Over the last few years, essay writing (also known as Written Ability Test) has gained prominence and become a part of the selection procedure of some IIMs and a number of other MBA institutes. This makes it vital to understand how to approach and attempt this task.
Written Ability Test (WAT) typically consists of a generic topic or a brief paragraph on which the candidate is required to write 300-400 words. There is no set pattern or genre for the question – it could be a situation analysis question or a multi-level task. It is, therefore, important that the candidate be prepared for anything and knows how to use a specific method to tackle the question, regardless of the question.
Why is WAT important?
· WAT is a crucial step for the selection procedure because it provides an equitable platform to MBA aspirants and an appropriate medium to show their communication skills. Older methods, like Group Discussion (GD), have proven to be less fruitful in analysing a candidate’s abilities.
· This changed had to be introduced as the selectors were unable to give much attention to candidates because despite assigning a specific duration to each candidate.
· A Personal Interview (PI) is still mandatory. so the combination of WAT and PI has become the most efficient test for the interviewers.
· WAT is especially important in examining a candidate’s abilities because one has to express the in a cogent manner in a certain time limit.
· It lets the selectors test the candidate extensively on three criteria:
(i) Knowledge – The topics of WAT can vary from current affairs to socio-political-economic issues to historical incidents to abstract issues.
(ii) Approach – This is essentially how you structure the arguments and what devices you use to substantiate them.
(iii) Ability of expression – This is a big challenge because one has to express as much as possible while adhering to a word and time limit. It tests how one examines various perspectives from a neutral point of view and then reaches a logical conclusion.
Possible Topics and Categories
· Current Affairs: This may include topics pertaining to burning national or international events. This also covers those subjects which have been in the news for quite a while. Therefore, it becomes important that you keep track of various issues and be aware of things that are happening around you.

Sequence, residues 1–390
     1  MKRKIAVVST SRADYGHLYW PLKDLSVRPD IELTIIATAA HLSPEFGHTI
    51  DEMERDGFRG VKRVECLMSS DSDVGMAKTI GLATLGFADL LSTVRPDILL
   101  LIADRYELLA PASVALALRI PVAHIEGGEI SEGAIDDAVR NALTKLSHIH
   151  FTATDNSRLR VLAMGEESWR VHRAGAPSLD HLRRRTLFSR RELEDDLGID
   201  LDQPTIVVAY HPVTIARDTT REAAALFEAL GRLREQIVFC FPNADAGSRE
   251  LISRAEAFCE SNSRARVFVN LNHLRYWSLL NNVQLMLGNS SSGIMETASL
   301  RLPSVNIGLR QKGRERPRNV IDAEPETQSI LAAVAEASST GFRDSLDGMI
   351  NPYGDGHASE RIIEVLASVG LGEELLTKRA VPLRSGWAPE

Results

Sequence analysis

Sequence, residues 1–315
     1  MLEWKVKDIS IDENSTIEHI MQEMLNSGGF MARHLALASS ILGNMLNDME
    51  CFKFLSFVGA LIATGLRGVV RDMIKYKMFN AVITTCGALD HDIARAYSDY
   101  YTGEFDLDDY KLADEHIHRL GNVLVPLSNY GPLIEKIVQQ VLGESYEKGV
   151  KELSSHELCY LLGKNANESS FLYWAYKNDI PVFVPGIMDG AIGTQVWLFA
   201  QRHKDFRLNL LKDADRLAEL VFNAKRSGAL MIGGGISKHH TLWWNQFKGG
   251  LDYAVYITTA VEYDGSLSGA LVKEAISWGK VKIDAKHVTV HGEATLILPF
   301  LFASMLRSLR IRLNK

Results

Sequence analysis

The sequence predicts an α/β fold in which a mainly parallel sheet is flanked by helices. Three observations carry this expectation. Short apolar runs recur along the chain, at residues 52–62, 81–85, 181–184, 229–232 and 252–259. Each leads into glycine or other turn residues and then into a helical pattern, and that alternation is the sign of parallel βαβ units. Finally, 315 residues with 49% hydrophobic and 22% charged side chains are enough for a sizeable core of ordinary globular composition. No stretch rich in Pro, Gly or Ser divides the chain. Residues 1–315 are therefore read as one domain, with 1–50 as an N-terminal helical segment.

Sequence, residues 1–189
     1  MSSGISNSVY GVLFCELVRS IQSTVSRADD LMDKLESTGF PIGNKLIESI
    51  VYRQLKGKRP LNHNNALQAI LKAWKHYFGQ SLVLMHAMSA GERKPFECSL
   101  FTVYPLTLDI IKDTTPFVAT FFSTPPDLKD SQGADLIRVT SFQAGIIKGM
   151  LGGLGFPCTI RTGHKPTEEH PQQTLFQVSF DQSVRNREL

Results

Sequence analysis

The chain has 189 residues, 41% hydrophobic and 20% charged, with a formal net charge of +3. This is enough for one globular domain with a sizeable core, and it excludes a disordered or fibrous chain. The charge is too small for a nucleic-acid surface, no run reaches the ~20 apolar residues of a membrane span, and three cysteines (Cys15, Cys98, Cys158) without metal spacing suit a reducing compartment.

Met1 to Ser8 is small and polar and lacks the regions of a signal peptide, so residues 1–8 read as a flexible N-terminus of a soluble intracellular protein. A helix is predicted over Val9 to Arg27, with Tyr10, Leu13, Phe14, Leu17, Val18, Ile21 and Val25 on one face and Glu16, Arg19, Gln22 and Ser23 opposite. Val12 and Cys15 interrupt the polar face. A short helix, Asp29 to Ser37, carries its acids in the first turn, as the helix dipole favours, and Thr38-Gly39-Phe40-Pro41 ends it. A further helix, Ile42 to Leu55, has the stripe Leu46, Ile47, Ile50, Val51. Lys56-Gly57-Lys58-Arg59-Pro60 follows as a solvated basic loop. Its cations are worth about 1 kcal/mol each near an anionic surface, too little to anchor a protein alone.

· Generic Issues: This category is a little different from the first one as it is more about social, political, or economic matters. Since the range of this category is vast, these topics may often induce an opinion and demand you to adopt a stand on an issue. For example, topics such as “Are nuclear families better or not?” need you to clarify your stands. In such cases, one must offer different perspectives of the topic with ample anecdotes and then present a well-drawn conclusion.
· Case Study: More suited for GDs, this type of topics usually requires the whole group to present a synopsis of the issue or the problem given. When converted into WAT, it may require the candidate to analyse the topic from various viewpoints and then come up with a logical solution.
· Abstract Statements: These are open-ended topics. A simplistic statement is given as the topic. It tests the candidate’s ability to weigh an elementary idea in as many lights as possible, thus examining creativity. This type of topics have immense scope as different people can view the same phrase in different dimensions.
Topics from Previous Years
These are some of the topics from the WATs of last few years.
· “Many Bollywood movies grossed over 100 crores in 2014. It was a golden year for Bollywood.” Analyse the statements.
· Ancient Indian scientists haven’t received due recognition. According to ancient scriptures, Indian scientists had developed aviation technology long ago. But the Wright Brothers are unduly credited with the invention of the airplane. Analyse.
· Case Study: Entrepreneurship in India.
· Case Study based GD: Village has all amenities, crop failure, loan on cash, minister help. What as farmers could be done?
· How would you control farmer suicides?
· Sensationalism in media should be censored.
· FDIs in Educational Institutes.
· The educational system is quelling creativity in Indian children.
· Reasons for disproportionately lo number of women in top managerial positions, and how this issue can be solved.
· Privacy Intrusion versus Surveillance.
· Give your views on book launches, social hype around books and bestselling novels.